When we first got Beanie, she walked well on a loose lead without any training. The only problem we had was that when she heard a new noise or came across a new smell, she would stop for a moment and we’d have to encourage her forward. Lately however her confidence and sniffing ability have increased, with the result that she now pulls on the lead for the biggest part of the walk and always on the return home.
We’ve been trying all the standard techniques to rectify this: stopping dead and waiting until the lead goes slack, suddenly reversing direction, and giving treats to hold her attention and to reward every couple of good steps. Unfortunately none of these methods have been particularly successful so far.
- The first one – stopping dead – makes even the shortest walk take forever, and Beanie’s quite happy to sit each time we stop, before launching into a forward thrust the second we start to move again.
- The quick 180 method doesn’t seem to work with our beagle either. As soon as we turn, she happily starts pulling in the new direction. It’s her developing nose that makes her want to pull, and I guess she’s perfectly happy to perform multiple sniffings of the same spot.
- The treat dispenser approach is very difficult to do – you’ve got to deliver the treats at the right time and keep ’em coming, and all the while your lower back is screaming at you to stand up straight.
Eventually Susan stumbled on an easier solution: a long handled wooden spoon coated with Kong Stuff or cream cheese.
This works great as you can see – we can walk upright and Beanie stays almost glued to the spoon. Every step is a good one! It’s virtually a self-dispensing treat. If you coat both sides of the spoon you can just swivel it around as the first side is licked clean, doubling the distance you can go before a “reload”. Over time, Beanie will hopefully get so used to walking smartly that it’ll be second nature. Of course there is still a drawback – you get some funny looks from passers by, and the urge to explain yourself is almost overpowering. If you care about street cred, this approach is probably not for you.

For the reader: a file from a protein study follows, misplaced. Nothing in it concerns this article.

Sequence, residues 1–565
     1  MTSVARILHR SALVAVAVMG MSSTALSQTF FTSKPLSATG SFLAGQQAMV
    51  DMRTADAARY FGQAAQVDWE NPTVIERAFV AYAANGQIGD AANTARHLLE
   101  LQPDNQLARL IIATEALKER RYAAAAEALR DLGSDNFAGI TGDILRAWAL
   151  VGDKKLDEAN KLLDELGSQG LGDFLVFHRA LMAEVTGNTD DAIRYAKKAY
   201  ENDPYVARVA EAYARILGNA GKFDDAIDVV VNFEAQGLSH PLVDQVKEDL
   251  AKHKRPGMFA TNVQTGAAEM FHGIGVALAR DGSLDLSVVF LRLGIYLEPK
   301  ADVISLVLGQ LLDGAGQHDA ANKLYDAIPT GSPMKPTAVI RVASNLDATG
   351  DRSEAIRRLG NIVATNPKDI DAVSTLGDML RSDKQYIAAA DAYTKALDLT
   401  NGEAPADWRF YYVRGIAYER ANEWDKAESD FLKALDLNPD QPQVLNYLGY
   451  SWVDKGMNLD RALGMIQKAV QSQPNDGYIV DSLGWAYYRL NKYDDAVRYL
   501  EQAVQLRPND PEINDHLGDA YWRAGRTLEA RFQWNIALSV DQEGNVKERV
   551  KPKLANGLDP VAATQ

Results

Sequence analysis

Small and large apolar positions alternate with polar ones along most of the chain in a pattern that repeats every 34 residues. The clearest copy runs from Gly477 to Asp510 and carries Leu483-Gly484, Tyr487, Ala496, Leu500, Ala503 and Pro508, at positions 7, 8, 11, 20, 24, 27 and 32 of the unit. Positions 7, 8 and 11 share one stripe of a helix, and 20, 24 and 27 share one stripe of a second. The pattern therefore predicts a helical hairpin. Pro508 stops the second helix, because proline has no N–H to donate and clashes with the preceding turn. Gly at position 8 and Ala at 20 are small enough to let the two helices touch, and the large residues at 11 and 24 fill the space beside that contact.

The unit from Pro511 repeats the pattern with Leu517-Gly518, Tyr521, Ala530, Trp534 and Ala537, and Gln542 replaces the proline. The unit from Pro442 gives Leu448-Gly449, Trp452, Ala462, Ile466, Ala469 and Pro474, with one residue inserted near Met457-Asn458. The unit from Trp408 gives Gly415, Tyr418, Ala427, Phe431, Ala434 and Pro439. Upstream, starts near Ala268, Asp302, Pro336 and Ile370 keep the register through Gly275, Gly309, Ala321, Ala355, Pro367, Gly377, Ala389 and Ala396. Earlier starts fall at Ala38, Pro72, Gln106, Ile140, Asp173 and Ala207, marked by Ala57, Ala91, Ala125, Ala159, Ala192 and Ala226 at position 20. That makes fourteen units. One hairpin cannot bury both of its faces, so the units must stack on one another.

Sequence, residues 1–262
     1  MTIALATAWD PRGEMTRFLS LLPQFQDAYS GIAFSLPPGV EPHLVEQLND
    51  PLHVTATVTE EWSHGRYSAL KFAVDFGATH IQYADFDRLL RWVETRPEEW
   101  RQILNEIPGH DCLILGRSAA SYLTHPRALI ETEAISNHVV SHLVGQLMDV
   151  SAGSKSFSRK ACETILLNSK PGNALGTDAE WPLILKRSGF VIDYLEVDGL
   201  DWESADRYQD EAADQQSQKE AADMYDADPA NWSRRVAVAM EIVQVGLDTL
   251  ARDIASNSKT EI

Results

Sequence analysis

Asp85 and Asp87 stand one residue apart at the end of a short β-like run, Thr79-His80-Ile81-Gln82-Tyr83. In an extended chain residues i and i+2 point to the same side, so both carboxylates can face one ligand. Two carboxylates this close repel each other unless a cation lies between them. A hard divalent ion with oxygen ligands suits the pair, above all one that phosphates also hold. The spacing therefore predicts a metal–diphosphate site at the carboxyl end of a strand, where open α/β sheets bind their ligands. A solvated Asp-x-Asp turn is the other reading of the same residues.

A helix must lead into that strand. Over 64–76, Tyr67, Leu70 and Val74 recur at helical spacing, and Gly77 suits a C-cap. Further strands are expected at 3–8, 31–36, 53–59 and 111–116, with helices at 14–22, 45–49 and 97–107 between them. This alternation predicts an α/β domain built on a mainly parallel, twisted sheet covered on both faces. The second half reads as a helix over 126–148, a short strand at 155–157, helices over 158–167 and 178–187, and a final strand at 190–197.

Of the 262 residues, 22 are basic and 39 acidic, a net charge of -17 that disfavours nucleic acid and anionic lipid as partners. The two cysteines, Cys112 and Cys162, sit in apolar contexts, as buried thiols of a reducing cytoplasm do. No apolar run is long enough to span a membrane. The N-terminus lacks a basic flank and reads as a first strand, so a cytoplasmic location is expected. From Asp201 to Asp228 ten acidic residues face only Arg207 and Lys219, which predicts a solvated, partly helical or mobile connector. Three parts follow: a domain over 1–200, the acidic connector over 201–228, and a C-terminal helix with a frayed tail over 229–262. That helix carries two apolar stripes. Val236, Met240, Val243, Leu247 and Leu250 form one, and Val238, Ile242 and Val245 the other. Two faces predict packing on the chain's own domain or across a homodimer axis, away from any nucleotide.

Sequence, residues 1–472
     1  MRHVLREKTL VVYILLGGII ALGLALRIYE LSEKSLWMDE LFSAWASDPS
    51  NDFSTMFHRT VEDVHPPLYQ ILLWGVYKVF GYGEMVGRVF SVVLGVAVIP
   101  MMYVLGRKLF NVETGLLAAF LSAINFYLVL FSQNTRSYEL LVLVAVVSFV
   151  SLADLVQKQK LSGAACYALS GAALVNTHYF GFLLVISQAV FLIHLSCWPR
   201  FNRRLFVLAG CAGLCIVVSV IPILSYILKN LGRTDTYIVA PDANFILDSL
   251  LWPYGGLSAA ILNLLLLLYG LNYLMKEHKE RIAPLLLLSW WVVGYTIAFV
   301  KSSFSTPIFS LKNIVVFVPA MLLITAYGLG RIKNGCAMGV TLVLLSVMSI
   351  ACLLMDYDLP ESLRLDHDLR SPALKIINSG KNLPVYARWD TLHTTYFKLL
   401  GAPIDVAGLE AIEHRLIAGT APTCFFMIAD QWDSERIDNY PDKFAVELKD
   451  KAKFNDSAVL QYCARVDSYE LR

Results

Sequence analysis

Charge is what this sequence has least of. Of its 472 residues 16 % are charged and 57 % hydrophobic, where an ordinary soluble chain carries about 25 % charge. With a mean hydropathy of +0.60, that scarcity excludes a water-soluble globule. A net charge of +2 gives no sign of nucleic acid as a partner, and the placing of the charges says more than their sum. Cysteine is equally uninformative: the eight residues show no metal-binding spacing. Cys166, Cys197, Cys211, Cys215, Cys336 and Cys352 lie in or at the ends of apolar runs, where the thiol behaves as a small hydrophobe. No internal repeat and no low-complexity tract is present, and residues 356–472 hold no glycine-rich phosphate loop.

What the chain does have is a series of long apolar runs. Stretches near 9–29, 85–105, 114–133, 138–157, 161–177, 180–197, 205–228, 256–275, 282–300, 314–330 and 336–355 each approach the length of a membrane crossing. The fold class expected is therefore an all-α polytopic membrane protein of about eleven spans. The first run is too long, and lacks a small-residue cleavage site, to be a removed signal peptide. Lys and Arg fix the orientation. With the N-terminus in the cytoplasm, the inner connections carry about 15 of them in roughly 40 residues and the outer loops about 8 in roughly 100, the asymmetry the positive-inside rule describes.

Finally, some sad news. One of Beanie’s sisters, Ruby, has been hit and killed by a car. Apparently she was wearing a harness with a plastic fastening. The fastening broke open and the poor little pup ran out into the road. I can only imagine how her owners must feel. The news has certainly made us even more determined to work hard on Beanie’s recall and obedience, and we certainly won’t be going near any collars or harnesses that rely on plastic.